“IAN MACLAREN,” along with other celebrities, was asked to send a Christmas message to an influential religious weekly in England. He responded by sending the short but striking sentence: “Be pitiful, for every man is fighting a hard battle.” No message is more needed in our days of stress and storm, of selfish striving and merciless competition.
Another citation in 1898 provides the name of a publication in Britain that published the message of MacLaren. The name “MacLaren is spelled “Maclaren” in this cite also [CM]:
“Be pitiful, for every man is fighting a hard battle,” was the tender Christmas message sent by Ian Maclaren to the readers of The British Weekly.
An extended discussion of the theme of the aphorism is present in a book published under MacLaren’s real name John Watson in 1903. The book section is titled “Courtesy” [HV]:
This man beside us also has a hard fight with an unfavouring world, with strong temptations, with doubts and fears, with wounds of the past which have skinned over, but which smart when they are touched. It is a fact, however surprising. And when this occurs to us we are moved to deal kindly with him, to bid him be of good cheer, to let him understand that we are also fighting a battle; we are bound not to irritate him, nor press hardly upon him nor help his lower self.
Thanks to Glossolalia Black and Fred Shapiro for the question.
[PCM] 1995, The Personal Companion: Meditations and Exercises for Keeping the Love You Find by Harville Hendrix and Helen Hunt, Day 198 (instead of page number), Pocket Books: Simon and Schuster, New York. (Google Books limited view) link
[STM] 1984 July 21, The Seattle Times, Quiet Wounds: Be Kind, the Pain is Heavy by Rev. Dale Turner, Page A-8, Column 4, Seattle, Washington. (Genealogybank)
[CTM] 1965 September 17, Chicago Tribune, Living Faith by Harold Blake Walker, Page B10, Chicago, Illinois. (ProQuest Historical Newspapers)
[TTM] 1957 January 3, Trenton Evening Times, Letters: Urges Kindness, Page number difficult to read, may be 10 or 16 (GB Page 4), Trenton, New Jersey. (GenealogyBank)
[SCM] 1947 November 27, News And Courier, Rob’t Quillen, Page 4, Charleston, South Carolina. (Google News archive)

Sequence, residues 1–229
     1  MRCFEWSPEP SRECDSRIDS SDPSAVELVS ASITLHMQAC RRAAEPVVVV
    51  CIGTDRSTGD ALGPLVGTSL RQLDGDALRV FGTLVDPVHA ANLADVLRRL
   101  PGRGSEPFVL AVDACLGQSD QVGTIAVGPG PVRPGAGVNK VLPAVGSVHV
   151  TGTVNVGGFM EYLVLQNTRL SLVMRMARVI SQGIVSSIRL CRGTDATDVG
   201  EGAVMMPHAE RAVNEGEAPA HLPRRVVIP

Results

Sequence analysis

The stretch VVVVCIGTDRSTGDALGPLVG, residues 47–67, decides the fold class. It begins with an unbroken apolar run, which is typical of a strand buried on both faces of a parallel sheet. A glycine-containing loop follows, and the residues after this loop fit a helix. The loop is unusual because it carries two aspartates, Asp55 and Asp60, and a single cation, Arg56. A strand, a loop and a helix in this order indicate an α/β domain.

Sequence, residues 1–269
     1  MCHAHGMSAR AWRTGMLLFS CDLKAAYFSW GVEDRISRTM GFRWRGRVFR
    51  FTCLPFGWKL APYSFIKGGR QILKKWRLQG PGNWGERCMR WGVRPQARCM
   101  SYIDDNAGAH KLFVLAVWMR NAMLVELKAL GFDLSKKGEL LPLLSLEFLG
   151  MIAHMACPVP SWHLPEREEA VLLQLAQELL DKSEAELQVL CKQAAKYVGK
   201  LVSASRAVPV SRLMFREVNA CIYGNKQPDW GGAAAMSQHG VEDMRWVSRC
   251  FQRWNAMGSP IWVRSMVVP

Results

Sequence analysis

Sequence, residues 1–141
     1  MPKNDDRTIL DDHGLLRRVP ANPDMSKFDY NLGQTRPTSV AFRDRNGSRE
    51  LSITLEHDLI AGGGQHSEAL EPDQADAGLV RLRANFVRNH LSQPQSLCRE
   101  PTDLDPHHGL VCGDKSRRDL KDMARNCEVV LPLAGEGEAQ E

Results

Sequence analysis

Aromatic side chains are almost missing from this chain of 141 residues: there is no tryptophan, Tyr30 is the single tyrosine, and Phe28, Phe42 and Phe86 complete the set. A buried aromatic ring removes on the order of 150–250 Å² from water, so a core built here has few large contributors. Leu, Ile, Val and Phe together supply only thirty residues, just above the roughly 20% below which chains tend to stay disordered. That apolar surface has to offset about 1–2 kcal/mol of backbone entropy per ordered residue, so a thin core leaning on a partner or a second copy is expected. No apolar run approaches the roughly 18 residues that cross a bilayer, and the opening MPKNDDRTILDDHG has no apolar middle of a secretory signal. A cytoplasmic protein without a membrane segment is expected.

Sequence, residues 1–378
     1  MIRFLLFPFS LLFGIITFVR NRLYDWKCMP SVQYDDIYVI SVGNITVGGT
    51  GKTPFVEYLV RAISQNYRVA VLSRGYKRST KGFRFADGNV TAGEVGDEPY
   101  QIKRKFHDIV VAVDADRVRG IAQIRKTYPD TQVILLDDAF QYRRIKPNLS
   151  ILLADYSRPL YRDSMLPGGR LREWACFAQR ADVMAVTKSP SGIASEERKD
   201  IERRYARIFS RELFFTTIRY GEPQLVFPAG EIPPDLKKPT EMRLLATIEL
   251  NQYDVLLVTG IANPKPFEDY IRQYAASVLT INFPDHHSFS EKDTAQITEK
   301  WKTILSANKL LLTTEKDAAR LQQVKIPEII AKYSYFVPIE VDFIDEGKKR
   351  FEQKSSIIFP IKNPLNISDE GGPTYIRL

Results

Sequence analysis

[WFM] 1932 March 12, Winnipeg Free Press, Letter to the Editor: City Teachers and the Lawrence Lecture, Page 16, Column 8, Winnipeg, Manitoba. (NewspaperArchive)
[ZHM] 1898 January 26, Zion’s Herald, Be Pitiful, Page 101, Volume 76, Issue 4, Boston. (ProQuest American Periodical Series)
[CM] 1898 January 6, Congregationalist, In Brief, Page 9, Volume 83, Issue 1, Boston. (ProQuest American Periodical Series)
[HV] 1903, The Homely Virtues by John Watson, Courtesy, Page 168, Hodder & Stoughton, London. (Google Books full view) link
13 thoughts on “Be Kind; Everyone You Meet is Fighting a Hard Battle”
Thanks very much for tracking this one down. I like the quote, far too much for it to be Plato.
I don’t know about phrases — I’m sure there are aphorisms — but the basic idea is a foundational thread in Mahayana Buddhism. It goes like this…
* Suffering is pervasive — just being embodied in the “real” world is fundamentally unsatisfactory, painful. (“Everyone you meet is fighting a hard battle”.)
* The root cause of this pervasive suffering of embodied beings is that we conceives of ourselves as fundamentally self-standing entities, unconnected to and therefore in conflict with others.
* This is a misconception. In fact, each being is intimately intertwined with and interdependent with all other beings as well as with all phenomena in the world. Out problem is that we don’t — or rarely, weakly — realize this.
* The way out is to deeply realize the fundamental interdependence of all phenomena, to become intimately aware of our interdependent connection with others. And a powerful, perhaps necessary method for doing that is to realize that others too are suffering, just as we are, and therefore wish and act to relieve their suffering. Treating them with kindness is a major step on the path — action leads to realization. (“Be kind”.)
So — long way around to the original aphorism, but there it is, with some blanks filled in. These four points, by the way, are the celebrated Four Noble Truths taught by the Buddha.
Oh yes, the short formulation of The Four Noble Truths—